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I have specific classes that i need to load. There name are stored in a String array. I can load the specific classes, but i can't manipulate proprely.

String [] myClassesList = {"Class1", "Class2", "Class3"...};
FileClassLoader loader = new FileClassLoader("MyClassesPath");

Class [] c = new java.lang.Class[myClassesList.length];

for(int i=0; i<myClassesList.length; i++){
     c[i]=loader.loadClass (myClassesList[i]);
     ... //This work proprely
}

but i can't

  c[i] myNewCi = new c[i].<constructor>();

Note: All my classes are extended JPanel. I need to add to a jTabbedPane. I'm trying to do the following code.

...
     myPanelClass myPanel = new myPanelClass();
     jTabbedPane1.addTab("myPanelName", myPanel);
... //This work proprely

Any feedback would help. Thanks!

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please learn java naming conventions and stick to them –  kleopatra Feb 19 '12 at 14:18
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4 Answers

up vote 2 down vote accepted

If all you need is for the class to extend JPanel so that you can add it to the Tab, try the following.

Class<? extends JPanel> c =  Class.forName(myClassesList[i]).asSubclass(JPanel.class);
JPanel panel = c.newInstance();
jTabbedPane1.addTab(panel);

This will create a new class (using Reflection) which extends JPanel, but you will be limited in its functionality unless you typecast it.

If you decide you need to interact more with your Classes (call other methods etc) and don't want to typecast, You will have to define a contract for the classes. This would mean adding an abstract class between your classes and have the abstract class extending JPanel. Here is an example.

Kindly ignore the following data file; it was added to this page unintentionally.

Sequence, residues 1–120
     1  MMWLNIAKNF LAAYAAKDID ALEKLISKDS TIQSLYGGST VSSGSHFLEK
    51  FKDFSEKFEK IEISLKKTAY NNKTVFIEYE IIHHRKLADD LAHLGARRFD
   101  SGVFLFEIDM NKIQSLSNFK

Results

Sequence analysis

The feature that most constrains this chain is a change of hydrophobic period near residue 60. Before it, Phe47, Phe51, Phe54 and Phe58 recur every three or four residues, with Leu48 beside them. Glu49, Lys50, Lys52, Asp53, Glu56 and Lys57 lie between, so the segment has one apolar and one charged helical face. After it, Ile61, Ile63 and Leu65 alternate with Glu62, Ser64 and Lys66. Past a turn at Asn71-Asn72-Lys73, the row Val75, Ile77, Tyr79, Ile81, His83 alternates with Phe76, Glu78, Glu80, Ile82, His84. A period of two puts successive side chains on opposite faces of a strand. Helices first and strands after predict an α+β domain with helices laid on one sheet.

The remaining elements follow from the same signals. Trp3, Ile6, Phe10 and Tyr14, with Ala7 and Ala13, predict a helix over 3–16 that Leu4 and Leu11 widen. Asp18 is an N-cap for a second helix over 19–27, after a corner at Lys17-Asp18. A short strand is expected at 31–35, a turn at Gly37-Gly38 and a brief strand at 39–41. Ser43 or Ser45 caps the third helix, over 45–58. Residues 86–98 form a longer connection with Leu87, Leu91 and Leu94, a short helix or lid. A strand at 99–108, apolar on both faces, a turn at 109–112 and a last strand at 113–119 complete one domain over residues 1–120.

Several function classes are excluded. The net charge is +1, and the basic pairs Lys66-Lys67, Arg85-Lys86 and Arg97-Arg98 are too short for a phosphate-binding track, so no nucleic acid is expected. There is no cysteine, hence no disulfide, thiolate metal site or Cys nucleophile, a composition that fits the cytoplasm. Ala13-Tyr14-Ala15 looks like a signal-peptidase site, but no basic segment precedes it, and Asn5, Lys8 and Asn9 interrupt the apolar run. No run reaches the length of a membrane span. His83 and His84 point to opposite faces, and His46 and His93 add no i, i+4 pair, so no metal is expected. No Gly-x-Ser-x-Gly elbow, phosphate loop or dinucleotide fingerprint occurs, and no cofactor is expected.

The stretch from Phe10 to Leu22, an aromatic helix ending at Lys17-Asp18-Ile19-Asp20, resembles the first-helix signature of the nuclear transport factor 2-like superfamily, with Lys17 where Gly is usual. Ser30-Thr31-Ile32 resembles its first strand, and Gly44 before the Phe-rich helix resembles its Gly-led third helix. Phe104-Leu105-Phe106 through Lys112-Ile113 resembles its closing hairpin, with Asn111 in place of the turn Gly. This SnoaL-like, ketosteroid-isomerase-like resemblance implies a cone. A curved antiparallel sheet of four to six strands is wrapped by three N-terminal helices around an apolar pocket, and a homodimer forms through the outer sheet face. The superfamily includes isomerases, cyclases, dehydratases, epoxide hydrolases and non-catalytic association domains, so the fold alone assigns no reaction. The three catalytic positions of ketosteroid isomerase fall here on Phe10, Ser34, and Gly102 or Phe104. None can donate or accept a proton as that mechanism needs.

Define the Abstract class. this will have any extra method names you want in your classes

public abstract class ATest extends JPanel{
    public abstract String doSomething();
}

Then you have to implement your concrete classes

public class Class1 extends ATest{
    public Class1(){
        //init me
    }

    @Override
    public String doSomething() {
        return "Class 2";
    }
}

Now you will be free to initialize the class and do what you please using reflection

Class<? extends ATest> c =  Class.forName(myClassesList[i]).asSubclass(ATest.class);
ATest panel = c.newInstance();

System.out.println(panel.doSomething());
jTabbedPane1.addTab(panel);
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You'll probably want to do something like:

c[i].getConstructor(....).newInstance(....);

Where .... contain the relevant constructor parameters.

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I can't add c[i].getConstructor(....).newInstance(....); to jTabbedPane1.addTab("myPanelName", <<<here>>); –  marcb Feb 19 '12 at 4:34
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You want to use Java reflection.

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You cannot invoke new on a class object, only on the class itself, by name, as it appears in the code which defines it. If you don't have access to the class in this way, then you have to use reflection.

For reference:

class MyClass ...

can be instantiated with new, but:

MyClass.class

is the object representing that class, and cannot be instantiated with new. In your case, this:

MyClass.class.newInstance();

should suffice.

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